Avoiding Legalism & Antinomianism

The Bible teaches that those who have once believed in Christ are secure forever in their salvation. This does not mean that God does not care about the remaining sin in His children. The Bible also teaches that our heavenly Father is displeased with His people’s disobedience and will chastise them for it, determined to lead them away sin. This distinction is presented beautifully in Psalm 89:30–33:

If his sons forsake My law and do not walk in My judgments, if they break My statutes and do not keep My commandments, then I will punish their transgression with the rod, and their iniquity with stripes. Nevertheless, My lovingkindness I will not utterly take from him, nor allow My faithfulness to fail.

Huguenot theologian Jean Daillé’s comment on this passage is to the point:

God here says two things: first, that he will chastise them, next, that he will not, on that account, cast them out of his covenant. O wonderful, tempering fo the kidness and severity of God! In which he finds his own glory, and believers their safety!

God will not break His covenant with His people, but He does interact with them, delighting in their obedience and chastising their disobedience.

Oftentimes, we struggle to find the right balance between saying that our obedience does not affect our standing before God and saying that obedience to the law is important. If we would listen carefully to our Westminster Standards on this matter, I believe we would find that it has captured the biblical balance beautifully.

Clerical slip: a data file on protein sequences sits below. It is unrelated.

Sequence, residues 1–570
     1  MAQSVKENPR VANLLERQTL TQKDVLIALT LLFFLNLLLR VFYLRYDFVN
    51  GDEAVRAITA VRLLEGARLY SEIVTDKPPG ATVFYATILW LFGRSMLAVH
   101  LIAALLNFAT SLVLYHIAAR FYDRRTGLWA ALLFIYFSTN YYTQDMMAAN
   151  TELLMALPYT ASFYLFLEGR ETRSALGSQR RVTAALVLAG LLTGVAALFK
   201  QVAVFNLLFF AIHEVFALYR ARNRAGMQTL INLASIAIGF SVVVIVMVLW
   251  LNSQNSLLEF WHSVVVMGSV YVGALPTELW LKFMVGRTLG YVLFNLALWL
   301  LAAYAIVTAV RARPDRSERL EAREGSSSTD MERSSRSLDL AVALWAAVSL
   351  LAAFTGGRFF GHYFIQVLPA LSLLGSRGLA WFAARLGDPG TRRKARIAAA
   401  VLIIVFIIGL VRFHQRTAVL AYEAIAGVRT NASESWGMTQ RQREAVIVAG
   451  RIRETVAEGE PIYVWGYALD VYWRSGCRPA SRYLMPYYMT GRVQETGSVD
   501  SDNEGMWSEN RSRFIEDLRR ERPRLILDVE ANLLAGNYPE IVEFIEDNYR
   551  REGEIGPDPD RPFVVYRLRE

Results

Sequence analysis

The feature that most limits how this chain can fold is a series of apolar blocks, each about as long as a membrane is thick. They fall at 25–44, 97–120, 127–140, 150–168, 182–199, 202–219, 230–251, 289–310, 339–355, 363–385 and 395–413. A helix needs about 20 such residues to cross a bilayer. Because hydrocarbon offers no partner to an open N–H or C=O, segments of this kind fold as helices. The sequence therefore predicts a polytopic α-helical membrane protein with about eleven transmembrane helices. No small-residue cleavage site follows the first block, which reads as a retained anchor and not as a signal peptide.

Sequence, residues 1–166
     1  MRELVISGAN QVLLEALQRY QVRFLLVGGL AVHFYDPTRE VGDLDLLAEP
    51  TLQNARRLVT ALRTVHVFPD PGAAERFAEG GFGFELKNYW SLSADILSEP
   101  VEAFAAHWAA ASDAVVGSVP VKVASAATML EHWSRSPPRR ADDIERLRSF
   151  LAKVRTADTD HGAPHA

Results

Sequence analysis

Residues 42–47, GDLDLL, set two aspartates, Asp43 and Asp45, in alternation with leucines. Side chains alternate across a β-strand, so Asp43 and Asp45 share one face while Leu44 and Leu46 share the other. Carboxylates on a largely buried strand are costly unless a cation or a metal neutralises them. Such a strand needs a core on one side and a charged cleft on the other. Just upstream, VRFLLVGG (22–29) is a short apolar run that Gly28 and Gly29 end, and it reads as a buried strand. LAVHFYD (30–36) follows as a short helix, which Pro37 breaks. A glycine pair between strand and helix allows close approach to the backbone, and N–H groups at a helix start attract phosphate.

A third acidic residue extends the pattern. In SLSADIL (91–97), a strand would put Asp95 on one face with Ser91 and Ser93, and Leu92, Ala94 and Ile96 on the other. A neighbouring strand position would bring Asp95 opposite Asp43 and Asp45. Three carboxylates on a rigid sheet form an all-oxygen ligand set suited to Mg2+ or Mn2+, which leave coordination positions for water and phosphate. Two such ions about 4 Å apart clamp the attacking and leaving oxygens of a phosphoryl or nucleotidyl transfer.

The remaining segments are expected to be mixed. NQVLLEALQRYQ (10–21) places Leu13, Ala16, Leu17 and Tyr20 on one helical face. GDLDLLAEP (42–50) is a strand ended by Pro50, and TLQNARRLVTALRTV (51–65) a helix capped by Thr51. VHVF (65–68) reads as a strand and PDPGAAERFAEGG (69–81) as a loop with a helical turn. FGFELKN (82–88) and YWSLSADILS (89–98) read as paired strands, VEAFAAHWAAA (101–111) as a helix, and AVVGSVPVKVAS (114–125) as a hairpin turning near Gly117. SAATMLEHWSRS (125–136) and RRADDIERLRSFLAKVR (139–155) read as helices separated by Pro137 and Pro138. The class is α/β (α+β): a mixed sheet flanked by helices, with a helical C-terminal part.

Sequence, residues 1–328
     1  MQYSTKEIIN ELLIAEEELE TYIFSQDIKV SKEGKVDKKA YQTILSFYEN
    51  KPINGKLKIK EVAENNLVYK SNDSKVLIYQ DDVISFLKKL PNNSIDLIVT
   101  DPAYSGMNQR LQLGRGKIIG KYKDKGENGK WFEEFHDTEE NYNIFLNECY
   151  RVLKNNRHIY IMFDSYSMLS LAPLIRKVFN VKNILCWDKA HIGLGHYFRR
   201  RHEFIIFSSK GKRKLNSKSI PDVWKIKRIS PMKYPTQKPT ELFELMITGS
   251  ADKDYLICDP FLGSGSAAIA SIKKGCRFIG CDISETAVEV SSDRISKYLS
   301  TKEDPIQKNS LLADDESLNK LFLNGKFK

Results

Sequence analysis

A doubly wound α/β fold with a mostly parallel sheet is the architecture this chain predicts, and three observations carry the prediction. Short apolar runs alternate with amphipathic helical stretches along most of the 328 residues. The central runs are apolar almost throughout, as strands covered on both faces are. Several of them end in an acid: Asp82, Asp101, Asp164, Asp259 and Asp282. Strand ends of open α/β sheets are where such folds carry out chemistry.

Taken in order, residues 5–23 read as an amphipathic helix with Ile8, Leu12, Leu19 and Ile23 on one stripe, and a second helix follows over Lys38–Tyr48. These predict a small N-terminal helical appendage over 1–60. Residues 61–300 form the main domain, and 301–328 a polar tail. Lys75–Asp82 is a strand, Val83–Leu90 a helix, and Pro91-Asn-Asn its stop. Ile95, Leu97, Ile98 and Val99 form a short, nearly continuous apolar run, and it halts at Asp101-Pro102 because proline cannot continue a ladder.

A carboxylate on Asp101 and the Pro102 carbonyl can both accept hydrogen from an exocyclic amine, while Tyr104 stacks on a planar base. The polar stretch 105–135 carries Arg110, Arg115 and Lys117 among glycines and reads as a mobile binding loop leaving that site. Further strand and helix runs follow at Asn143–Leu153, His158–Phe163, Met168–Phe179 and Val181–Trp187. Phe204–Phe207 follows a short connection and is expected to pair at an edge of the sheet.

For example, consider Chapter 17, “On the Perseverance of the Saints.” Section 1 states:

They, whom God hath accepted in his Beloved, effectually called, and sanctified by his Spirit, can neither totally nor finally fall away from the state of grace, but shall certainly persevere therein to the end, and be eternally saved.

At the same time, the Confession is clear that obedience is very important. Here is how the Confession explains it:

Nevertheless, they may, through the temptations of Satan and of the world, the prevalency of corruption remaining in them, and the neglect of the means of their preservation, fall into grievous sins; and, for a time, continue therein: whereby they incur God’s displeasure, and grieve his Holy Spirit, come to be deprived of some measure of their graces and comforts, have their hearts hardened, and their consciences wounded; hurt and scandalize others, and bring temporal judgments upon themselves.

You will find the same sorts of statements in Chapters 11:1, 5; 15:3; 16:2, 5; 18:2, 4; 19:6; 20:1. Our Confession of Faith has captured a remarkable balance between antinomianism and legalism that takes into account the full scope of biblical teaching.


One Reply to “Avoiding Legalism & Antinomianism”

  1. I was just thinking in this very issue this morning. It often seems, when listening to some of the Reformed, that personal holiness is of little importance therefore causing some to lob the charge of antinomianism their way (WHI anyone?). As noted last month in the comments to the link where Horton weighs in on the piety/confessional skirmishes in the blog-sphere, the WHI guys push back against the constant imperatives dished out by Evangelicalism. Their not saying “don’t obey”… they just don’t really say “obey” all that often. That really toyed with me for a couple of years, until I got what they were up to.

    Now if I could only figure out about the whole rewards in Heaven because of how you live on earth deal!? Does one really get more “rewards” (pick your favorite – literal crowns, greater level of enjoyment with God over the dude that didn’t obey as much, etc) than they next guy/gal just cuz you “surrendered all” and their life looked more like Romans 7??

    Thanks for this timely post!

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